Phrasal verbs are usually two-word phrases consisting of verb + adverb or verb + preposition. Think of them as you would any other English vocabulary. Study them as you come across them, rather than trying to memorize many at once. Use the list below as a reference guide when you find an expression that you don’t recognize. The examples will help you understand the meanings. If you think of each phrasal verb as a separate verb with a specific meaning, you will be able to remember it more easily.
to increase or improve something, or to make it more interesting.
Ex : The organization plans to beef up its marketing effort.
To show anger or indignation;
Ex :She bristled at his insolent remarks.
To say nothing. (Closing one’s mouth in the way that a clam closes up.)
Ex: The minute they got him in for questioning, he clammed up.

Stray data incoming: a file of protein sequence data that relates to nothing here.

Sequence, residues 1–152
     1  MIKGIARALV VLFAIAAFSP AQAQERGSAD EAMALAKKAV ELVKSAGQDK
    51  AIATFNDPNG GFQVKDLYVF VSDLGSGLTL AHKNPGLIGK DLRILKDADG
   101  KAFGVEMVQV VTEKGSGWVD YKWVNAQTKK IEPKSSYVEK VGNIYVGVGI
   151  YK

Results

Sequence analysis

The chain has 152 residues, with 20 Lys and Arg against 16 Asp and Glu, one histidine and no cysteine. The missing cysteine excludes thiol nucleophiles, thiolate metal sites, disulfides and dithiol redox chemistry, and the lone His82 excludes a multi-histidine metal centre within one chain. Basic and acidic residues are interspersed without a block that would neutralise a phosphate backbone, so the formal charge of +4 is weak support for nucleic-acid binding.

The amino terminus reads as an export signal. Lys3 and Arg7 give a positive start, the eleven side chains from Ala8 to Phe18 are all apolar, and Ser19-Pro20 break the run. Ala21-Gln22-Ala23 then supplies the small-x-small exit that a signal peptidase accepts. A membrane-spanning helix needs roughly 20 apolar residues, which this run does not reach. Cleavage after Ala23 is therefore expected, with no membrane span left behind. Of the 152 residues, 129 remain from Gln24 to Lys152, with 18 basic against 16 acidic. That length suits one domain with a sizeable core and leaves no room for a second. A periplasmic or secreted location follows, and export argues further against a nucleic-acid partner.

To size someone or something up
To observe someone or something to get information; to check someone or something out.
Ex : The comedian sized the audience up and decided not to use his new material.
To crow about something
To brag about something.
Ex : Stop crowing about your successes!
She is crowing over her new car.
To flatter someone or attend to
Ex : Please stop fawning all over
the guests. You are embarrassing me.
To destroy completely; To eradicate.
Ex : In today’s modern world, the old values have been wiped out.
To try an idea or concept out on someone or a group.
Ex : Let me bounce off this idea, if
To think about something; to ponder or worry about something.
Ex : I’ll mull over your suggestions and reply to you next week.
To move along slowly but deliberately.
Ex : The movie plodded along putting most of the audience to sleep.
Enjoy the lesson!